Village News

Steinbach’s First Families – Gerhard and Anna (Kornelsen) Giesbrecht, Aganetha Eidse

  • Nathan Dyck, Blog Coordinator
  • Development Coordinator, MHV
Aganetha Eidse Giesbrecht (right), with daughter Aganetha, 1940. Credit: Ralph Friesen, "Between Earth and Sky," 92.

Gerhard Giesbrecht was raised in Molotschna by his father who ran a small shop, as he was unable to do manual labour. His mother, Eva Ratzlaff, died when he was an infant and by the age of 12 Gerhard was sent out to work for more well-off families. In 1871, he married Anna Kornelsen and they had two children in the two years before migrating to Canada. They arrived in Qu├ębec aboard the Austrian on August 31, 1874 with their children, 2 years and 8 months old, in tow.

Anna Kornelsen was the daughter of teacher Gerhard S. Kornelsen, who followed his daughter to Manitoba in 1875 and settled in Lichtenau, a village 2 miles west of Steinbach. He drafted the regulations that governed the Kleine Gemeinde schools in Manitoba and served as fire chief for eight years. Anna had eight children, five of whom survived to adulthood and she passed away in 1885, less than a year after the birth of her youngest child.

Gerhard had three siblings who also settled in the village of Steinbach. His older half-brother Wilhelm, who purchased Wirtschaft 3 in 1878, sister Margaretha of Wirtschaft 14, and Aganetha of Wirtschaft 6. In the first winter, Gerhard and Anna built on a structure attached to the Wiebe’s of Wirtschaft 7, with a hallway in between which allowed both families to save on construction and heating. Almost a decade after arrival, Gerhard served as the schulz (mayor) of Steinbach and he and Anna decided to join the Holdeman Church around this time.

In 1885, after the death of Anna, Gerhard remarried Aganetha Eidse of Rosenort, in the West Reserve. She was 20 years his junior and was seemingly pressured into the marriage by her step-mother. Due to the marriage, some land that she was to inherit was passed to her new husband and she was put in charge of his 5 children. She was known to say, “When we got married, I got the children and he got the land.” About a decade later, the family moved to the growing Holdeman settlement of Greenland. Aganetha would go on to have twelve children of her own, six of whom survived to adulthood. When Gerhard passed away in 1907 she remained single, stating she didn’t want another widower and his children in her life.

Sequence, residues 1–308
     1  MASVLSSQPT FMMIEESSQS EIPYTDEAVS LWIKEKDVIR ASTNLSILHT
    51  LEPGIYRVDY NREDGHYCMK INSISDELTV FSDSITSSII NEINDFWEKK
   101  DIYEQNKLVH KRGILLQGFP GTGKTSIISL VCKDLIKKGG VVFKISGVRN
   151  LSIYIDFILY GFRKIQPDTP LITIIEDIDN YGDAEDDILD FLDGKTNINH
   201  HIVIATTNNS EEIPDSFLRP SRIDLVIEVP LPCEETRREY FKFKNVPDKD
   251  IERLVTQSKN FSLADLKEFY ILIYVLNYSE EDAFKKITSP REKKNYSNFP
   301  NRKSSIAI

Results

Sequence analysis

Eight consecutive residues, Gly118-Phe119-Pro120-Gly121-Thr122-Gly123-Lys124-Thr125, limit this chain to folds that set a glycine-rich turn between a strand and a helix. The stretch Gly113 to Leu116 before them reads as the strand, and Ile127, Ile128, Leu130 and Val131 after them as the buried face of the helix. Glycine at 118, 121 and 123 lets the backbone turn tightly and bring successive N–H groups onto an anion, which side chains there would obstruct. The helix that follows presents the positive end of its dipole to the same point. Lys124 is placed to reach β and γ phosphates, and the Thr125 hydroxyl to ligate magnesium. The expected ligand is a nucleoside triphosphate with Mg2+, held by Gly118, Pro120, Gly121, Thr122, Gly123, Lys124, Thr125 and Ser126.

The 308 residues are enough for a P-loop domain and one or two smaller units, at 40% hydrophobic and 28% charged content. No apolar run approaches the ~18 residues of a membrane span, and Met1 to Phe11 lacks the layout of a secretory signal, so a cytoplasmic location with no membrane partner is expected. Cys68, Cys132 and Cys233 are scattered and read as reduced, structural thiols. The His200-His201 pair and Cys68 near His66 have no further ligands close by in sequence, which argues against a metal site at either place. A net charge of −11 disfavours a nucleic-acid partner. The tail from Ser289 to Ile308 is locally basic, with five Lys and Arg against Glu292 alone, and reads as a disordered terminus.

Of the 11 children that survived, the majority stayed in the East Reserve, settling either in Greenland or Blumenort. Anna’s eldest son, Gerhard, worked at the Pine Hill sawmill (25 miles from Steinbach, off the 404 between Marchand and Sandilands) and was severely wounded when his knee was cut by a circular blade. He limped the rest of his life, earning him the moniker “Lame Giesbrecht.” He became a teacher in Blumenort before joining the Whatshan Mennonite community in British Columbia. Aganetha’s son Cornelius married a Steinbach girl, granddaughter of original residents Peter and Elisabeth Toews of Wirtschaft 12. Together they built a large-scale poultry farm in Greenland which earned Cornelius the title of “Chicken King.”

Wirtschaft 8 changed hands several times after Gerhard and Aganetha sold it in 1896. Peter W. Toews, known as Schmett or “Blacksmith”, first bought the property. It was later sold to Klaas I. Friesen, a teamster who became one of the foremost breeders of Hackney horses in Manitoba. He would haul freight from the CNR station in Giroux to Steinbach, and gravel from local pits. They used the property to open a livery stable and guest house, where his wife would host many visitors around their table.